It's been a busy offseason for Marshawn Lynch.
He was a no-show for voluntary OTAs in June. He held out of training camp, but after the Seattle Seahawks refused to blink, he returned less than a week later. Finally, when all seemed to calm down, a report broke that he had gone Beast Mode on some property in Bellevue, Washington.
Fortunately for Lynch, he's going to be a lot less busy on the field.
History suggests that's a difficult trend to continue. Since the turn of the century, 14 other running backs have hit the 285-carry mark in three consecutive seasons, per pro-football-reference.com. Of those 14, only five have surpassed the threshold the next year.
Don't get me wrong. Lynch is capable of doing that. He thrives off contact like Popeye thrives off spinach. But he's 28 years old, an age when many running backs being to see their production sharply decline. And with the kind of talent sitting behind him on the depth chart, Pete Carroll, Darrell Bevell and Co. can afford to limit his workload.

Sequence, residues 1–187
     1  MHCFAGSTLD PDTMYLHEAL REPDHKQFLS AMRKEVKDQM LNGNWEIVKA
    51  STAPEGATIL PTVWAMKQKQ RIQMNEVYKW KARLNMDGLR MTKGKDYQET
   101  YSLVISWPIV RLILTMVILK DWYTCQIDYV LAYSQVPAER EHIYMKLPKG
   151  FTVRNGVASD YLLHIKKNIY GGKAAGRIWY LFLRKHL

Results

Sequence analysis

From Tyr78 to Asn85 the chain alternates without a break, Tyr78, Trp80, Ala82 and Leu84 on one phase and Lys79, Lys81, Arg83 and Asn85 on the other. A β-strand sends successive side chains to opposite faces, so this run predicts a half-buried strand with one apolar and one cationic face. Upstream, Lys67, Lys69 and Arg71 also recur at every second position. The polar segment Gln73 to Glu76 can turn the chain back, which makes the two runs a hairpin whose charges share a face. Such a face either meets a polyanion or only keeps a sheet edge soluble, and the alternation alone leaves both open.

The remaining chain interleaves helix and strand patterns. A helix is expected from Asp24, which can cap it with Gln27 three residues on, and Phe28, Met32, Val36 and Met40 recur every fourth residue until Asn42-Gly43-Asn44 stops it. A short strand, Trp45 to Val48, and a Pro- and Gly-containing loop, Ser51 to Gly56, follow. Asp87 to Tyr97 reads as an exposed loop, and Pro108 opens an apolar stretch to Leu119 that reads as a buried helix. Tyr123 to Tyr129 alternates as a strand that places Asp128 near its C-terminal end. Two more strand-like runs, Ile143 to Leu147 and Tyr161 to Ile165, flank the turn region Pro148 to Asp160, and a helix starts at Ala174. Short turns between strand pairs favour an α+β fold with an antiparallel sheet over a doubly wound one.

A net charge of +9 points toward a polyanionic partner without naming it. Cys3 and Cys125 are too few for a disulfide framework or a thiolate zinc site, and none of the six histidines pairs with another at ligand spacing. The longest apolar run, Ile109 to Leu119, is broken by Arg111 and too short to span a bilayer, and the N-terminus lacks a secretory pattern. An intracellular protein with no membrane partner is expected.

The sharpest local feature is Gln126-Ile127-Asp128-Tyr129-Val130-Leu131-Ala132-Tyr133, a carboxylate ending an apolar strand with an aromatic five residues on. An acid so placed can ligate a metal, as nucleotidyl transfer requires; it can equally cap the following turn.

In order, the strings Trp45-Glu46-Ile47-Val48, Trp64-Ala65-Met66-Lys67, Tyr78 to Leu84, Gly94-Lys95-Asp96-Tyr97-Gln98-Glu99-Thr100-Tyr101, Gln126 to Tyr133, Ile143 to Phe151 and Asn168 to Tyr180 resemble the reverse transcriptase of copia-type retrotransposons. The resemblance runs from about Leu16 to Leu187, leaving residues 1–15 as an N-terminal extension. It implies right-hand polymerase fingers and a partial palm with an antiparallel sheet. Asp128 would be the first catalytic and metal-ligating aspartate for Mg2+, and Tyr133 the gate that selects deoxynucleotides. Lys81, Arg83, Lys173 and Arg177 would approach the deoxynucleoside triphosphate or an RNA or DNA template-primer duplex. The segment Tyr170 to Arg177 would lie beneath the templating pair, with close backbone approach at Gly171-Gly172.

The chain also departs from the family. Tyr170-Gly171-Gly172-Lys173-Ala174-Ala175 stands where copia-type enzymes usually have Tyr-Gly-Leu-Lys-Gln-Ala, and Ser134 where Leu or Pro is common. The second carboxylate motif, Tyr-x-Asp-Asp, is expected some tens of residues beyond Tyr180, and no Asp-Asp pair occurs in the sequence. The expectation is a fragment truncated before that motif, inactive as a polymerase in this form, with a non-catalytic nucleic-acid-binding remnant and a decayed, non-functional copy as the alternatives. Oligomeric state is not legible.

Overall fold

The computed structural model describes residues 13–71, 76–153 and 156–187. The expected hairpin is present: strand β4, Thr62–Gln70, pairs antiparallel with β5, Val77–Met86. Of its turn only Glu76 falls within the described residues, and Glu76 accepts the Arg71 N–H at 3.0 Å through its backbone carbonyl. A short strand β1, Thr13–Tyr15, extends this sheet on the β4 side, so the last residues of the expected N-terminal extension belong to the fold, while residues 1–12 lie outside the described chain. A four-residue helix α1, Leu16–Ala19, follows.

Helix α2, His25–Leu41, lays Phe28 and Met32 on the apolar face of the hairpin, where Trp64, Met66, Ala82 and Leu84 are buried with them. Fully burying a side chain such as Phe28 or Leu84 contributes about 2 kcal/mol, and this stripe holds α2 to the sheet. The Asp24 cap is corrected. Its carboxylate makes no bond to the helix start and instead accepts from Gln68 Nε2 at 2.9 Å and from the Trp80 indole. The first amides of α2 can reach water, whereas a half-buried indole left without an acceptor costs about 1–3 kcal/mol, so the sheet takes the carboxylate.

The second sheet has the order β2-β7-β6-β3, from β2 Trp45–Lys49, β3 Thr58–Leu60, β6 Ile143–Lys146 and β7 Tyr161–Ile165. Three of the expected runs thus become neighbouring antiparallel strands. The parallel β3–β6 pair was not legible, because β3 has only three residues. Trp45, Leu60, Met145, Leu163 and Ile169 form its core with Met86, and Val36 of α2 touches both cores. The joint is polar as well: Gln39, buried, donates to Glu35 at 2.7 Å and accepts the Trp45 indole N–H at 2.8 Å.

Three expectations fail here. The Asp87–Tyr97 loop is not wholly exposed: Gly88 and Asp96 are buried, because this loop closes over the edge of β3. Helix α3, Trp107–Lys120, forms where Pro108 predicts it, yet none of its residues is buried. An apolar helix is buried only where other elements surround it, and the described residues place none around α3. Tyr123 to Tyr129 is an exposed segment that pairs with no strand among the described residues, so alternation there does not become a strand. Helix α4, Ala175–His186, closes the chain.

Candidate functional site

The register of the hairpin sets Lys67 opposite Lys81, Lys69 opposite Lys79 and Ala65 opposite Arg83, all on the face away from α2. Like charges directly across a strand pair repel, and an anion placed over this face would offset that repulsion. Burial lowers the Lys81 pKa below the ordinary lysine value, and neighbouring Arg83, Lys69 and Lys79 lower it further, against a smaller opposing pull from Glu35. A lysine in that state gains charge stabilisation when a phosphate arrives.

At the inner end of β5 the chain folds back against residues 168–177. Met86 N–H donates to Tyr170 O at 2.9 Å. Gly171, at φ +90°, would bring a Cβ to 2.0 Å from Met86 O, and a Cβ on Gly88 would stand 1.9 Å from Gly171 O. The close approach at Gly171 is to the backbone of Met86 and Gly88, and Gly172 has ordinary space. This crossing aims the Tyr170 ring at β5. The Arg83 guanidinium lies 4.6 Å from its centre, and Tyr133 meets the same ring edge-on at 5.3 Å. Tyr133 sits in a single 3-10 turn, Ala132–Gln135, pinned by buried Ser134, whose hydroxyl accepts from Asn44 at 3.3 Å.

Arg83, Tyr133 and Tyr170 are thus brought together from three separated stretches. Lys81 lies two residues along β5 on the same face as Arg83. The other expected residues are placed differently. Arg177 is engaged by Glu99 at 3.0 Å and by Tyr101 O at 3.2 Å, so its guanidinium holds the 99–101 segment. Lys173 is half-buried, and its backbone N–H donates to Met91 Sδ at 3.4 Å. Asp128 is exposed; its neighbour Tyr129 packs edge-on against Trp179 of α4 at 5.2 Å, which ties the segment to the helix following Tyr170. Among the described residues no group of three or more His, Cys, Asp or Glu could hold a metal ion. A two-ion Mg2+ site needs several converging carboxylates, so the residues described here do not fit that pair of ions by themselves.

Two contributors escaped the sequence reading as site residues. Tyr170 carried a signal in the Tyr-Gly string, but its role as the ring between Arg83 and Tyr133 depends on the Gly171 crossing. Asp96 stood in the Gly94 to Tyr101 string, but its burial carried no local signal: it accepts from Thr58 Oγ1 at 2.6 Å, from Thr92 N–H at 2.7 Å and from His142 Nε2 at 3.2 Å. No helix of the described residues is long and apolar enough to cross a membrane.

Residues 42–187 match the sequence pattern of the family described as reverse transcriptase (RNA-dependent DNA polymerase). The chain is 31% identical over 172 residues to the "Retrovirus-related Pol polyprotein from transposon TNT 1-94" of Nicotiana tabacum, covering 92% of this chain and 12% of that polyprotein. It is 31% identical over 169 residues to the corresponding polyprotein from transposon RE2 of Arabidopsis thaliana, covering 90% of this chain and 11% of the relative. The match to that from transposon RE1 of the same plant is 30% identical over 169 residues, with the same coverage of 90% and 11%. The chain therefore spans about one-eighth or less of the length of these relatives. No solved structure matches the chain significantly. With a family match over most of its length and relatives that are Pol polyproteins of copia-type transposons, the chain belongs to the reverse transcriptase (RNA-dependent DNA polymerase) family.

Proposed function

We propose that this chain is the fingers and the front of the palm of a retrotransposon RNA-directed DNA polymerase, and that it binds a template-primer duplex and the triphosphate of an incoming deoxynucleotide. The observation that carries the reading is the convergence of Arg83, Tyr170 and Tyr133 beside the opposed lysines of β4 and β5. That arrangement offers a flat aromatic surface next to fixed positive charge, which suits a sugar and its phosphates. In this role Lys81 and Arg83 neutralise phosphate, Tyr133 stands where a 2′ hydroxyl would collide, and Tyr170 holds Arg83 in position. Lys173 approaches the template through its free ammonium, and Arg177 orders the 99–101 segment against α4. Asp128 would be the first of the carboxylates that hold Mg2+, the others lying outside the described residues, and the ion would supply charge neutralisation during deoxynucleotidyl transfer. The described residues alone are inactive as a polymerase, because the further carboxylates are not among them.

Robert Turbin has 157 career carries and has looked good in spurts, while Christine Michael is gushing with talent. Offensive line coach Tom Cable, via ESPN's Jessamyn McIntyre, talked about the sophomore's progression:
Carroll, via Q13Fox Sports' Aaron Levine, has also praised the backup:
Lynch got 301 carries last season. All things considered (don't forget about a healthy Percy Harvin potentially taking one or two fly sweeps and reverses per game), it wouldn't be surprising if that number dropped to the 250 range.
Considering he only averaged 4.2 yards per carry last season and doesn't catch a ton of passes, there won't be enough touches to justify his current first-round price tag (1.09, per FantasyFootballCalculator.com) in fantasy leagues.
If he slips to you in the middle or latter portion of the second, then by all means, scoop him up.
But Seattle's desire to keep him fresh and healthy for the playoffs, which is made possible by a tantalizing youth movement in the backfield, points to a decrease in volume.
That, in turn, points to a first-round disappointment.